Corina Knoll | LA Times
June 7, 2010
A 33-year-old man who allegedly posed as an immigration agent and preyed on at least nine Latino immigrants in El Monte and Rosemead has been booked on suspicion of robbery and kidnapping, authorities said Monday.
Noel Gutierrez of El Monte used a commanding voice and a shirt and hat that read ICE to convince people he was with U.S. Immigration and Customs Enforcement before he stole their cash and cellphones, said El Monte Police Det. Ralph Batres.
On Saturday about 4 p.m., Gutierrez rounded up six men in the parking lot of El Monte’s Valley Mall after asking about their immigration status and identification cards, Batres said.
Gutierrez allegedly told the men to put their wallets and cellphones in a plastic bag and walk toward the mall, where another immigration officer would question them further. The men complied and Gutierrez left in the opposite direction, police said.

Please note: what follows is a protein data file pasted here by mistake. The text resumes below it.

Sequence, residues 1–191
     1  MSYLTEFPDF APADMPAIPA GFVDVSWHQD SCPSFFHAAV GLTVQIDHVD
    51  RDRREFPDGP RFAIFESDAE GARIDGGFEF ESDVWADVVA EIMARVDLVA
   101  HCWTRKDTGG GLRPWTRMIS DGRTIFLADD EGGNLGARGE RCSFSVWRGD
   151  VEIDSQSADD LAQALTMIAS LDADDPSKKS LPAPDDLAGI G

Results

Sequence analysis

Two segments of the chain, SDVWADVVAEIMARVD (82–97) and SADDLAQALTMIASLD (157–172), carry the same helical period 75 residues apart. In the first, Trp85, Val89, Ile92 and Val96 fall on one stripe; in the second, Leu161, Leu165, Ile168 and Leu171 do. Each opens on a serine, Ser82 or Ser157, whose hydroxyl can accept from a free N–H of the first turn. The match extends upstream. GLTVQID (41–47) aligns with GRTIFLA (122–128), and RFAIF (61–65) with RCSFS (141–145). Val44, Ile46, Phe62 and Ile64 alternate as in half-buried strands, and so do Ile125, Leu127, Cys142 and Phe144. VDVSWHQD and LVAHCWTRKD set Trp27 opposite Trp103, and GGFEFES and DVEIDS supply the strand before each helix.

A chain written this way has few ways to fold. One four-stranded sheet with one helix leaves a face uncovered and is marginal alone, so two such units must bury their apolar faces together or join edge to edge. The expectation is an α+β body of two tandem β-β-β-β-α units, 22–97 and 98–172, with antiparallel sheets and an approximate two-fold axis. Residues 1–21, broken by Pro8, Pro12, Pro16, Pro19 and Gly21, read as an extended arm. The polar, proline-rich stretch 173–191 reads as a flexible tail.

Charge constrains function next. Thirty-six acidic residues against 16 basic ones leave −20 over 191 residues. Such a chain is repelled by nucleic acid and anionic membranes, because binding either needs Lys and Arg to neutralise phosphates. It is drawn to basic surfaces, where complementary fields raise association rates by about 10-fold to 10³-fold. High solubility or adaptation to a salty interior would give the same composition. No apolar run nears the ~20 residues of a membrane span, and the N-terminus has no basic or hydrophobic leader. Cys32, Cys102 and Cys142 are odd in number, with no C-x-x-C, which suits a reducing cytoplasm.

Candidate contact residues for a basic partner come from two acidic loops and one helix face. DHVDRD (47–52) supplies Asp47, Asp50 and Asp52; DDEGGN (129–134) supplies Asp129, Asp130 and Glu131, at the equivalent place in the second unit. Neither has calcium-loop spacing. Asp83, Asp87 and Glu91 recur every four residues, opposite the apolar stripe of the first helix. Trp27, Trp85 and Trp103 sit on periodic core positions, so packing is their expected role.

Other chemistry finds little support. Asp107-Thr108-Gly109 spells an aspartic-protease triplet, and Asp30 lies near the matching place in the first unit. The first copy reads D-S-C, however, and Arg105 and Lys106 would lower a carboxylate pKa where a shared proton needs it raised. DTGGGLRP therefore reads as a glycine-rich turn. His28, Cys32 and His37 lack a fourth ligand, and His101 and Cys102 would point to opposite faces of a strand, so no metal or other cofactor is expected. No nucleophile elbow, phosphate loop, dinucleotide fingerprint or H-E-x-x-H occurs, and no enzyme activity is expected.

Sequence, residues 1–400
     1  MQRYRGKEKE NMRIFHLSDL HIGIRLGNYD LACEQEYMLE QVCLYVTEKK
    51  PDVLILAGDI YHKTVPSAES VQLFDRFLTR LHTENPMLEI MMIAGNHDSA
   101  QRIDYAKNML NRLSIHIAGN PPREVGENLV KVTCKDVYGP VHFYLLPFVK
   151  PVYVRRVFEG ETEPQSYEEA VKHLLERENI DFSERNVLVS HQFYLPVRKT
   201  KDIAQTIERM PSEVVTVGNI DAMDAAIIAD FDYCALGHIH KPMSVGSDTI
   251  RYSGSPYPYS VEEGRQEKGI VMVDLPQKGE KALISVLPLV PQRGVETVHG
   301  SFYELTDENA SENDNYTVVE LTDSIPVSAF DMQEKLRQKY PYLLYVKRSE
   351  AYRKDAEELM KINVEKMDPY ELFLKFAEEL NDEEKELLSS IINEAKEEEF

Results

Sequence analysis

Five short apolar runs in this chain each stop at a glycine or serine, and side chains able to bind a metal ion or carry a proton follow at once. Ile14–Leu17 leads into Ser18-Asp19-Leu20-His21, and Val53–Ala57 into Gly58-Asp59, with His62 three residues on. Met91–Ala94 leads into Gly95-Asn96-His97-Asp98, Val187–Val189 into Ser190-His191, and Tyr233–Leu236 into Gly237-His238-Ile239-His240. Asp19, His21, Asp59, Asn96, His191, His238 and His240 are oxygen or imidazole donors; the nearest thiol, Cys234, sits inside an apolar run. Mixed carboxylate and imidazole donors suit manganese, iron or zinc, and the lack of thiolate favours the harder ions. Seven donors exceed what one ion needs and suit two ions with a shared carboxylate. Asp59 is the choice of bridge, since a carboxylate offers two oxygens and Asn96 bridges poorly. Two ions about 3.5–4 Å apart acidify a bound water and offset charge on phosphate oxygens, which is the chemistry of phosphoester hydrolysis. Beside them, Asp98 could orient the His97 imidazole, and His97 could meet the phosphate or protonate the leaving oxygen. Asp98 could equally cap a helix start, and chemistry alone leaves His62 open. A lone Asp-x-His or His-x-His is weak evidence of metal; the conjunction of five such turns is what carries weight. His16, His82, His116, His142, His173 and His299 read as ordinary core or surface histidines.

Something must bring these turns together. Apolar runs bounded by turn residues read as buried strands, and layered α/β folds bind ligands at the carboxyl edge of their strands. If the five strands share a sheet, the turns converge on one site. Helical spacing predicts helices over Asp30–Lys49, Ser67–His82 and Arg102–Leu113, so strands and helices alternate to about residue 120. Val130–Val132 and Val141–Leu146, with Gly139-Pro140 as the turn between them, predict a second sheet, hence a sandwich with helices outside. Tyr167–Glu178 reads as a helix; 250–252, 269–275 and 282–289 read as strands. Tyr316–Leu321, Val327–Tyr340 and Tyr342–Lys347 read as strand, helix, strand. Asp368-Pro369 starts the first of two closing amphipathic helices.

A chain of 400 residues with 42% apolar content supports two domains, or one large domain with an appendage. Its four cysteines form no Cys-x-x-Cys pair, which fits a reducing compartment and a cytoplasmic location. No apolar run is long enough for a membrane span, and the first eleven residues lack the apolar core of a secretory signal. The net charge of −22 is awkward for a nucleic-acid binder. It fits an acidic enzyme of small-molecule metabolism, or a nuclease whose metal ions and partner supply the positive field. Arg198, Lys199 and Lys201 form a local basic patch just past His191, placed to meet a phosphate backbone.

One of the victims reported the incident to El Monte police, who discovered similar exchanges had occurred earlier in the day in nearby Rosemead.
In the first case, a man claiming to be with the immigration agency forced a man into a tan Toyota Sienna and drove him to a bank so the victim could withdraw money, Batres said.
Later, the same van pulled up to a residence in the 8900 block of Mission Drive. The driver, who was wearing an ICE hat, told the woman inside the home that he was there to check her papers. After searching her home, he took a digital camera and some jewelry.
Detectives traced the van to a hotel in the 11600 block of Garvey Avenue in El Monte on Saturday night, Batres said. After obtaining a search warrant and searching the suspect’s room, detectives discovered the victims’ belongings and arrested Gutierrez.
He was being held at the El Monte police station and was scheduled to be arraigned Tuesday.
A day after the arrest, Batres said he received a call from an El Monte woman who had also allegedly been robbed by Gutierrez. Batres believes there are more victims who are too scared to come forward.
“Anytime you’re contacted by anyone who appears to be law enforcement, you should ask to see their I.D.,” he said. “If you don’t believe they’re an actual officer, then that’s when you call the police for verification.”
Tuesday, June 8, 2010
Corina Knoll | LA Times
Posted by Dr. Patricia D. López at 9:08 PM